opposed the "family wage" regime, seeking access to the labor pools of
married women and children.
There have been varied responses to this situation. The great economic heresy of
Communism can be viewed as an attempt to apply the altruism or family principle
across all society. Our century has shown this to be a huge and tragic error,
something that cannot be done. For once we move beyond small communities such as
the household, the clan, the religious community, or the village, this form of
altruism fails, leaving only violence.
A second response to the plight of the family in the industrial milieu was the
quest for the "Middle Way," the path of Social Democracy that
supposedly led between industrial capitalism and industrial communism. For about
three decades, 1940 to 1970, the Scandinavian social democracies did seem an
attractive model. But the system succumbed thereafter to its own internal
contradictions, all linked in a way to the family problem.
Today, the classic "Middle Way" states of Sweden and Denmark face both
fiscal and moral crisis. There proved to be no real "Middle Way."
But there have also been hints, in our century, of a "Third Way" of
economic organization that does represent a better path. The common denominator
has been recognition and defense of a family-centered economy. These approaches
to the problem cut directly to the unchanging nature of the true family, and
seek to build barriers that would protect the altruistic home economy from
corrosive individualism, consumerism, and statism. Put another way, they
encourage the "refunctionalization" of families by driving state and
industry back from some of the household ground they have seized.
The best known advocates for a Third Way were the English essayists G.K.
Chesterton and Hilaire Belloc. Chesterton argued openly and boldly for the
building of a "peasant society," based on small acreages and small
shops. Belloc wrote that "[t]he family is ideally free when it fully
controls all the means necessary for the production of such wealth as it should
consume for normal living."
A more systematic economic theory of the family-centered economy came from the
pen of Alexander Vaselevich Chayanov. Before his arrest and execution by the
Soviet Communists, this Russian economist had refuted the view, held by liberal
and Marxist theorists alike, that peasant or family farms are irrational and
inefficient, and should be eliminated. In his 1925 masterpiece, PEASANT FARM
ORGANIZATION, Chayanov persuasively showed that small family farms--combining
subsistence vegetable and animal production with cottage industries, household
production, and variable outside employment--these were in fact a logical, even
superior, form of economic organization. Another economist active at the time,
the American Ralph Borsodi, emphasized "family production" as the
program "for folk who aim at virtue and happiness, and for whom the good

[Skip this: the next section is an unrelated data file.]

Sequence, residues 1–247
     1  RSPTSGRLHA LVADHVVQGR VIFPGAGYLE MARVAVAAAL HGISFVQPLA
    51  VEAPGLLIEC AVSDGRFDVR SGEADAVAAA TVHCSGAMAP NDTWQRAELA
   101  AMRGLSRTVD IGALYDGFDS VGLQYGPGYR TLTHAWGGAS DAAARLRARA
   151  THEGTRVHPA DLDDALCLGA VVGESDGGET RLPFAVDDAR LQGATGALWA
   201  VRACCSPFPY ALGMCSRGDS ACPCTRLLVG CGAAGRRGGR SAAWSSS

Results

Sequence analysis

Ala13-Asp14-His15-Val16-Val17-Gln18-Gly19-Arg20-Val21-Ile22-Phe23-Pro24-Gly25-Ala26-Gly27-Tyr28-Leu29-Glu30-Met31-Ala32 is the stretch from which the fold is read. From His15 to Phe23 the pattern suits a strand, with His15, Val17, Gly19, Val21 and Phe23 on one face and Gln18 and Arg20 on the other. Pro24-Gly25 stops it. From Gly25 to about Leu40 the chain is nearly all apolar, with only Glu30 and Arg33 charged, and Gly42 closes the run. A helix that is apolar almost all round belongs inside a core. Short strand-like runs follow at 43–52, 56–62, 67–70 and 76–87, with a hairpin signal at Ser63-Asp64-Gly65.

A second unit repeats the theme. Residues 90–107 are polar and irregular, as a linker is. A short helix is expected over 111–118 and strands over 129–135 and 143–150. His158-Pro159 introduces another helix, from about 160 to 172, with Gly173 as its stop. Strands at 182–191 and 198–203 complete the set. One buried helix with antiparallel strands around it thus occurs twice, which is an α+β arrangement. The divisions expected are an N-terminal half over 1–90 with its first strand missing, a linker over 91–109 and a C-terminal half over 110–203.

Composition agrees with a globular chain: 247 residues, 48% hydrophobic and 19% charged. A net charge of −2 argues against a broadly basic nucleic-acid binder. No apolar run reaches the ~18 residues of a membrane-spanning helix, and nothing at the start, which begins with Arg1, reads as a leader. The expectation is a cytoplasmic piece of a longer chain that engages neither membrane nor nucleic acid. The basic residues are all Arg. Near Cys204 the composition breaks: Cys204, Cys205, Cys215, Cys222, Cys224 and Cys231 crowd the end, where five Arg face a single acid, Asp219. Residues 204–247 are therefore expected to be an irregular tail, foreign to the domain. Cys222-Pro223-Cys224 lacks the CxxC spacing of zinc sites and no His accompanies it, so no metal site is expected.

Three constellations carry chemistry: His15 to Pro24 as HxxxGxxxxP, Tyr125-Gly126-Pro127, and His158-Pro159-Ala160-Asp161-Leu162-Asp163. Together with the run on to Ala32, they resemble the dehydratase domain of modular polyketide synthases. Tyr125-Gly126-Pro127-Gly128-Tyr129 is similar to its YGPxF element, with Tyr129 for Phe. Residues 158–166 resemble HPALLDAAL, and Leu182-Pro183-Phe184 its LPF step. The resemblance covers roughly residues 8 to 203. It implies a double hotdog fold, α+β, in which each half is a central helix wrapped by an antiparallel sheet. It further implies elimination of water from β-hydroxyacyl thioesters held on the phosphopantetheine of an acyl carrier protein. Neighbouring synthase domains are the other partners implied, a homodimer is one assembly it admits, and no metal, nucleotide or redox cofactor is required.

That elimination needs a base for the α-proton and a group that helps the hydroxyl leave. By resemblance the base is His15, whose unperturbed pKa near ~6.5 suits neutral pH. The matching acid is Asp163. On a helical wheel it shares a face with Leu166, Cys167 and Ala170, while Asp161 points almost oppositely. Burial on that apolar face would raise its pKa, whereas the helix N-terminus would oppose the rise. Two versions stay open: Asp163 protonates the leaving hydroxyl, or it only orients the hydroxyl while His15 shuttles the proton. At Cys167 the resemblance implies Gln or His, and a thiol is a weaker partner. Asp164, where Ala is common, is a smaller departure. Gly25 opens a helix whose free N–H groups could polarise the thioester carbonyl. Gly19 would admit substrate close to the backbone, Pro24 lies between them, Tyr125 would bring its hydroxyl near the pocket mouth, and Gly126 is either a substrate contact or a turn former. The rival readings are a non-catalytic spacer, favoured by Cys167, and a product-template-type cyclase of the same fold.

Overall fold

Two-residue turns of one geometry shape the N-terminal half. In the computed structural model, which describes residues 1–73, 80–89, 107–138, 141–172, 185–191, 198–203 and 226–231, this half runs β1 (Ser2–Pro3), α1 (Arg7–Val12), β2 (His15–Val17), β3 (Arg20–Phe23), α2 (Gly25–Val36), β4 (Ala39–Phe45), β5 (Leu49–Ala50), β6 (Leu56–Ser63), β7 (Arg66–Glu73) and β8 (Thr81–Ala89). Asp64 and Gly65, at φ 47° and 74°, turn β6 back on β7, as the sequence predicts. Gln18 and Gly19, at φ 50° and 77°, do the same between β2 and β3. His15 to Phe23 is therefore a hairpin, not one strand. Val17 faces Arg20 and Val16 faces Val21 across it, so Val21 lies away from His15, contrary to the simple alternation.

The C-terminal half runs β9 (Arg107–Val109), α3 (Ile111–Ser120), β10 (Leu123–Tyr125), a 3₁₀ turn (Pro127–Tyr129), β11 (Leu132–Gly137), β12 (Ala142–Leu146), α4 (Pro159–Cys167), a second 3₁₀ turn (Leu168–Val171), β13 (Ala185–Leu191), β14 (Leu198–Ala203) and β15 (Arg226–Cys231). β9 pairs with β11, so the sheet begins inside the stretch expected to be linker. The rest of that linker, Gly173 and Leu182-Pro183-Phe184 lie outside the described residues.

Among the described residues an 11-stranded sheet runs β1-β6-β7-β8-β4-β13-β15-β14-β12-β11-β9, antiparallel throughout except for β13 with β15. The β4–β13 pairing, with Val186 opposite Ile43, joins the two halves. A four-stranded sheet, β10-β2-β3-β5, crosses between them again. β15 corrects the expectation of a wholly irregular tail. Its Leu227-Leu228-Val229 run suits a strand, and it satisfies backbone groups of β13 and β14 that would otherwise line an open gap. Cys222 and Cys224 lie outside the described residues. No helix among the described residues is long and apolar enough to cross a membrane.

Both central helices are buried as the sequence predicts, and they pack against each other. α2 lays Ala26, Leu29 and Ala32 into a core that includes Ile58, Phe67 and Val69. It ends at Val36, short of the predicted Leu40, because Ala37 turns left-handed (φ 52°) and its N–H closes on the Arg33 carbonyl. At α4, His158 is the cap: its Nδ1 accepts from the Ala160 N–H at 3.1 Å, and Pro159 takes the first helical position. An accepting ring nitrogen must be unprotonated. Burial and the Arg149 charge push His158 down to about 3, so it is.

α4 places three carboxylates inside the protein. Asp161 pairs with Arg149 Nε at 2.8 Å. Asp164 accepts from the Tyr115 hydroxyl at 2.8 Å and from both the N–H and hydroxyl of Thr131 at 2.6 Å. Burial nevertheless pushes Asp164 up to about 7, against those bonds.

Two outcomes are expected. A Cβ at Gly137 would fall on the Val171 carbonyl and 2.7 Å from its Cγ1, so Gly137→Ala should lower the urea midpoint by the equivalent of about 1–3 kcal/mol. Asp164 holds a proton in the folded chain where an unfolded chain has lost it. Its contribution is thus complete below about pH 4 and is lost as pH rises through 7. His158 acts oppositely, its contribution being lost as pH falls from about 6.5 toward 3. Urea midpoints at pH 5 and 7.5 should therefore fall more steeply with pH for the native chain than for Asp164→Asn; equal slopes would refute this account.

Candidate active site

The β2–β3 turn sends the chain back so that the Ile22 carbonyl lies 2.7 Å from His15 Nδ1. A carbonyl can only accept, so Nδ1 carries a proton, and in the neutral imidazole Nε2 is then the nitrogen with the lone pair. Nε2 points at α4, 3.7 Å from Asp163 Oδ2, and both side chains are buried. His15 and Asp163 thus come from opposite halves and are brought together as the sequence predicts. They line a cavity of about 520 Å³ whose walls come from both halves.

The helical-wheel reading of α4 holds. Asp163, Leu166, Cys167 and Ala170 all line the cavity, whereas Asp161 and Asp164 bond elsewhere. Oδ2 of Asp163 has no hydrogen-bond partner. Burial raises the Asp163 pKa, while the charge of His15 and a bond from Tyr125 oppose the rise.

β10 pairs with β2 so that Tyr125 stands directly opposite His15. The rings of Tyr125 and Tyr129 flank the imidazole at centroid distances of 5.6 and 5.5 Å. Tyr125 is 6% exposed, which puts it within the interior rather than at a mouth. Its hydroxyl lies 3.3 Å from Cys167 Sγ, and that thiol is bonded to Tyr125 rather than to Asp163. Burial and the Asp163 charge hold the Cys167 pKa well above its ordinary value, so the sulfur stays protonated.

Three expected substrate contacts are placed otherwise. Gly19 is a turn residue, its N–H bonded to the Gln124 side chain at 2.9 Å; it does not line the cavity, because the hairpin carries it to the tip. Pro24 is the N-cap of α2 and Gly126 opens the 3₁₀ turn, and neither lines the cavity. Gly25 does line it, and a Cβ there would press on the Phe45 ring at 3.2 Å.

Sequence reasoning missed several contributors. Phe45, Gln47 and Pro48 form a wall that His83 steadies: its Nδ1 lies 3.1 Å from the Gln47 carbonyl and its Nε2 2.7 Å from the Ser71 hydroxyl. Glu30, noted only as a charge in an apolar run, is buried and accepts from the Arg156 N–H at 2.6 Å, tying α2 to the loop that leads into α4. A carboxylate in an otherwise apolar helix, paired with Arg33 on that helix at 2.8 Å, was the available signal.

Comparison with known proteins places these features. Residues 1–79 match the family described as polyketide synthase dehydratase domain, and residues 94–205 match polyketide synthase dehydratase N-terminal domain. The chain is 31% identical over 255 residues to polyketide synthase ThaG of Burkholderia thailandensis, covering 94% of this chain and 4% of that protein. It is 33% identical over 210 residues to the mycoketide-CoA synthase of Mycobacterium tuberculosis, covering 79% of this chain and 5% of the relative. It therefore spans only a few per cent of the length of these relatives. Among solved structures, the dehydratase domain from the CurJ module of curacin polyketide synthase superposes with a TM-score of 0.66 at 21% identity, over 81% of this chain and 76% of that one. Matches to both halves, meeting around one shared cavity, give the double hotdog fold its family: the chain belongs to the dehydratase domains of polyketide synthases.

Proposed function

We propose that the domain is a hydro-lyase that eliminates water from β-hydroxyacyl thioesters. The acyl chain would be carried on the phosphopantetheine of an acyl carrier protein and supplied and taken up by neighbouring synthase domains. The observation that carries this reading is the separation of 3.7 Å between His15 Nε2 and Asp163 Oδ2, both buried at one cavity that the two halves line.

life is represented by home and hearth, by friends and children, by lawns and
flowers." He gave special attention to the economic contribution of the
mother in the home. Where the dominant economic theories dismissed the homemaker
as economically useless, or even a parasite, Borsodi emphasized the true
economic value of her regular tasks, from gardening, and the keeping of
chickens; to bearing and nursing babies; and protecting and teaching children.
Moreover, the fact that the gain from these activities could not be taken from
the family through taxes made--in his words--"the maintenance of an
adequate balance of family production absolutely essential to the preservation
of individual economic independence and freedom."
These models of an economic Third Way, I repeat, shared a focus on family
well-being. Family renewal would come only as certain tasks or functions were
protected from immersion into industry, or deindustrialized and returned to the
household. Under these models, the measure of economic success would be the
formation of marriages, the birth of children, and the solidarity of the
household group. This would turn economic analysis back toward its authentic
roots, in the Greek/Latin word, oeconomia, meaning the "management of the
household." So, rather than dwelling on a "Third Way," it might
be better to talk of a "Family Way" as the path to the virtuous
And this Family Way is more than mere theory. There are modern examples of
nations that have, by accident, stumbled onto secular policies that have
reinvigorated the family by restoring certain functions to the household: in
Mexico during the 1940-1970 land reform period; in China since 1978, where the
return of land-use to the rural peasantry has led to a resurgence of traditional
family-patterns and fertility-despite the best oppressive efforts of government;
and--as Michael Farris alluded to yesterday--among home educators in America,
whose average fertility is nearly four children per family, nearly twice the
In short, a Family Way economics is more than abstract theory. There are
examples on the ground that show us how we might proceed to build a better, more
virtuous, and more natural order.